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I’ve also written a little bit about the problem with canned estimating data before (On Using “Canned” Estimating Data) but while working with some contractor clients these past few weeks on both developing their own customized data and importing some data from some of the data books that are out there I picked up on some other intrinsic problems with pricing manuals and data books that I haven’t heard anyone really call attention to before.

Case One:

In considering the cost of installing field tile I noticed that for installing the exact same size 4-1/4” x 4-1/4” field tile that two different books from two different publishers one had a Labor Hour figure for that same task that was 41% higher than the other.

So which one is right?

To tell you the truth,…they both are. It really all depends upon how the estimator interprets the data and which one most accurately depicts the way your company performs the task described.

As I written here before:

A contractor estimator needs to look at the “canned” book figures for labor hours as starting benchmarks, they are not absolutes. The labor hour units are standard as to “generally speaking” but individual as to interpretation. They are based on valid statistical samples that those publishers have researched but we don’t know the exact criteria they had in mind so they are subject to interpretation, in fact your interpretation. Use those data book labor figures with your own interpretation of their meaning. If it “sounds right” then go ahead and use it and monitor the results to see how accurate your judgment and interpretation actually turned out to be.

Also in talking with my client(s) about those figures for laying tile it was my considered opinion that laying tile that makes up an edge where you have to cut the tile is perhaps twice as labor intensive as the general field so to really develop a good pricing system for tiling you need a SF Labor Hour figure for the main body tile and a LF Labor Hour figure for the edges.

While I think any tile installer will tell you it is more expensive to lay tile on the diagonal than in a square grid pattern it is really only the perimeter edge work which is more labor intensive and therefore more expensive than the field where you are essentially laying full square tiles just like you do in a basic square grid installation.

I have yet to see a data book that mentions that or gives a special labor rate for that consideration.

What is essentially that same thinking then again also applies to other task such as installing trim for instance. If you strictly use a LF (Linear Foot) Labor Hour figure for installing trim when you get to that quirky 14′ x 16′ library that instead of just having 6 corners requiring miters or copes instead has 36 that price per LF wont work. You need to have a Labor Hour per joint figure for work that exceeds a typical amount of cuts in a space.

Case Two

Lets say that a hypothetical Kitchen and Bath Contractor is perfectly happy with one of those tile installation figures for the work his or her own employees do. The labor cost plus the material cost figure regardless of which markup method you use, Capacity Based or Volume Based, gets marked up to give you a price for that task.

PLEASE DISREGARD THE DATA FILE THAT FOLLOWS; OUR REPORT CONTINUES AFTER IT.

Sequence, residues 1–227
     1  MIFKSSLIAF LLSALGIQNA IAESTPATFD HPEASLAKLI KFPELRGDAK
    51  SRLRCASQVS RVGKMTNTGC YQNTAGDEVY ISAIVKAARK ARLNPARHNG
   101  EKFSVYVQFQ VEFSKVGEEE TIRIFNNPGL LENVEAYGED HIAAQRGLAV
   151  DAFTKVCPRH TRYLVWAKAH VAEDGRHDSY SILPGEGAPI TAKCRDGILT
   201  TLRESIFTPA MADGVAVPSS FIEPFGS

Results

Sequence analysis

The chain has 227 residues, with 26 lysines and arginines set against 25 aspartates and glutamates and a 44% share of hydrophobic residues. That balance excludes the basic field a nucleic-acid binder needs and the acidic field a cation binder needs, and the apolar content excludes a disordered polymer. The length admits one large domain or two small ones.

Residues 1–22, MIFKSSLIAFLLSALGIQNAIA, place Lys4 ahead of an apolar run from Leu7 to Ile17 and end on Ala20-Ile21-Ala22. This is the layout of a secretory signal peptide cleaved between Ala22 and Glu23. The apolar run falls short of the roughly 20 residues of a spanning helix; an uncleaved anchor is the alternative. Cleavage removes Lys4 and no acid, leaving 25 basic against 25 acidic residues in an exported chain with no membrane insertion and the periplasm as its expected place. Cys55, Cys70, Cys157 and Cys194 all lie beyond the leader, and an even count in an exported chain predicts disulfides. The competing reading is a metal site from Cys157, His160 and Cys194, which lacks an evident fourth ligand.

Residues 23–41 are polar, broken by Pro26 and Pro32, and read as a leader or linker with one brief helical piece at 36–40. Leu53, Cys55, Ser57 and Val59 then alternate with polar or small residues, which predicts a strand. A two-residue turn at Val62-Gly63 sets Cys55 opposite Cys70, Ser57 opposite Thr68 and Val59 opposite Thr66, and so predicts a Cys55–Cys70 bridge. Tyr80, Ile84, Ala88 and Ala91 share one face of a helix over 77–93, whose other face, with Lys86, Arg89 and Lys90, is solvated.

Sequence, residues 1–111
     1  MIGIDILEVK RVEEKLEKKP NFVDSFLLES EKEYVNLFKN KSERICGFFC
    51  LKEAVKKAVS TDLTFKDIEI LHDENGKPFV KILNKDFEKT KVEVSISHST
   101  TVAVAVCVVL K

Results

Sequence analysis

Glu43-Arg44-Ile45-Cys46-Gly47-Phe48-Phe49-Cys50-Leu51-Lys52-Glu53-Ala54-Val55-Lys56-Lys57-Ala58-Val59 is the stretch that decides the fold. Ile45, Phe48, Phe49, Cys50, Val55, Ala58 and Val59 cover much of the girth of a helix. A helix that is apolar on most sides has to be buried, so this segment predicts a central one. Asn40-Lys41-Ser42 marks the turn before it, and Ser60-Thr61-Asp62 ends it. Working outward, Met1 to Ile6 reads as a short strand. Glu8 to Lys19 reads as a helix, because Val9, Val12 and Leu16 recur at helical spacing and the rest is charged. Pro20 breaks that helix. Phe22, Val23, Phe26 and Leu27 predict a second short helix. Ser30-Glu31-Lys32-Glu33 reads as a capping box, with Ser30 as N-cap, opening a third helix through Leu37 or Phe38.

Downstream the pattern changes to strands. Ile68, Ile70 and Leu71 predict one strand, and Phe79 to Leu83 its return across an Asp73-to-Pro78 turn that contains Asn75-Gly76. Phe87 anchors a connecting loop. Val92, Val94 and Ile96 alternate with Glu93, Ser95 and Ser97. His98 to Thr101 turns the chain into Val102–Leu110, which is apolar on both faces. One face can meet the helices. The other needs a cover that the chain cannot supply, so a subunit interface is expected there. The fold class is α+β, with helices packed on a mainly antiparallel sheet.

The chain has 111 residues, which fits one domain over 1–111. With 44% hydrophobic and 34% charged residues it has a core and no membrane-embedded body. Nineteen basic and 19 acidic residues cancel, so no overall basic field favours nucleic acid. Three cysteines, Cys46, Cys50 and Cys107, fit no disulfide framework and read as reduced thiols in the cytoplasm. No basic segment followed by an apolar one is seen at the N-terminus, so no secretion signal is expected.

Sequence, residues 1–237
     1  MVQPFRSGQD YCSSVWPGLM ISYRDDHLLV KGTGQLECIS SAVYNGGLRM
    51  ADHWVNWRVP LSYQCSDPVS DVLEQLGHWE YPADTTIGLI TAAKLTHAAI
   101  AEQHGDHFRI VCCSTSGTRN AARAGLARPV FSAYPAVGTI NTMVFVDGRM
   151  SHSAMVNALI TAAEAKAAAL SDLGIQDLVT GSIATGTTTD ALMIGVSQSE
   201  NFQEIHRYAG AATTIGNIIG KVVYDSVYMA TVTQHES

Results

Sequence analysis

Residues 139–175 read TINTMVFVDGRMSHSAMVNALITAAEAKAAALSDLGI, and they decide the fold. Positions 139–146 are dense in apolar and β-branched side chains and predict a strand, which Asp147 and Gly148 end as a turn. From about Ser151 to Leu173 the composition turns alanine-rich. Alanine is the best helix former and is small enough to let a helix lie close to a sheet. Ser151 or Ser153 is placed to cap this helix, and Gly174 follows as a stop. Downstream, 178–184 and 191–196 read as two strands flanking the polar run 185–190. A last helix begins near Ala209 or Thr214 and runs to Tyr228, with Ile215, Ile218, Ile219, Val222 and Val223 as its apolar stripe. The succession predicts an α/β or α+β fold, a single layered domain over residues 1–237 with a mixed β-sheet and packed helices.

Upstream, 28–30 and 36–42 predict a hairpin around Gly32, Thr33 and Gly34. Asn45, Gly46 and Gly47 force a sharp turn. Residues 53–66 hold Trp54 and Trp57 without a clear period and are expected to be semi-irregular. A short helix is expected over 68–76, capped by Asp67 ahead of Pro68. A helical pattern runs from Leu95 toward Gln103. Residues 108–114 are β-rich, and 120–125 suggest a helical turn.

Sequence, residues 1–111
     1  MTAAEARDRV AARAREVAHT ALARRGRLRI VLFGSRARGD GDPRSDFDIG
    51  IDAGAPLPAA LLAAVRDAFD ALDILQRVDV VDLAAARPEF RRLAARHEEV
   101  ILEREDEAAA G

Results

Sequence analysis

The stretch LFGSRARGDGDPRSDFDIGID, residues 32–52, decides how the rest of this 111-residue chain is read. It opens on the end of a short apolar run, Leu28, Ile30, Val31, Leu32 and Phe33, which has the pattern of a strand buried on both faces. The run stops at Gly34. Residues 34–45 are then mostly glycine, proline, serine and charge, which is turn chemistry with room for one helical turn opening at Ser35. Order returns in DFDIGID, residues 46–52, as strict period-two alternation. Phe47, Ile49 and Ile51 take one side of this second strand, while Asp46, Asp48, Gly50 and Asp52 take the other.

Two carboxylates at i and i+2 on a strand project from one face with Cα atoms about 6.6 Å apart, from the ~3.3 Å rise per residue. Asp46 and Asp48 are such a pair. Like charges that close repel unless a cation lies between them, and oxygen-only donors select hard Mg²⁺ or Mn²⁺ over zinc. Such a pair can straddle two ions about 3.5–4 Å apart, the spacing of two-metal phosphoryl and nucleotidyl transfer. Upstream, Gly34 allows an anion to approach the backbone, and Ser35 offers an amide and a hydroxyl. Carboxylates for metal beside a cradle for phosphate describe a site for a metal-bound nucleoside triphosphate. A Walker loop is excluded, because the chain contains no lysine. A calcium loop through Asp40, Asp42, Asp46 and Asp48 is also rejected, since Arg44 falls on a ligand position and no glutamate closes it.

The next thing the estimator does is look for the task of installing the sink, toilet and shower and again a markup is applied to that to give you a Price for that group of tasks.

The problem is that the “Price” that comes out of that book or software with the markup applied is really the “Price” a plumber should charge for that work. The “Price” the book is telling you to charge your customer is actually more realistically the “Price” you are going to pay your plumber for the work. That book “Price” is actually really your “Cost.” If you use that figure to charge your client you wont make a dime on that subcontracted work even though you thought an appropriate markup was applied to it.

And Case Three

After correcting and adjusting some imported data for roofing for that subcontracted work markup problem I just mentioned I noticed that the base costs for some of the material budget costs seemed off to me.

Checking the figures that that particular book was giving I made some calls and compared them to some real material cost figures from actual real suppliers.

The cost they had designated in that particular book and data set I was working with for Laminated Lifetime Shingles was 211% higher that what the local cost actually is and the cost for the “economy” alternative 3-Tab 25 Year Shingles was 35% lower than what the local cost for those shingles are. You therefore might overprice yourself out of the better LifeTime shingle job or lose money providing the economy alternative if you trusted the book data.

Again I think this all goes back to what I said earlier.

…Use those data book labor figures with your own interpretation of their meaning. If it “sounds right” then go ahead and use it and monitor the results to see how accurate your judgment and interpretation actually turned out to be.

Actually come to think of it. I wouldn’t wait for the results to come in to see how accurate your judgment and interpretation is. I would check the figures before ever using them in an estimate.

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J. Jerrald Hayes
Primus Inter Pares at Paradigm Projects, Ltd.
I am an architectural woodworker and general contractor turned IT, Business and Project Management consultant, software developer wannabe senior division triathlete and ski racer, Yankee fan and founder of, 360 Difference, and now too.
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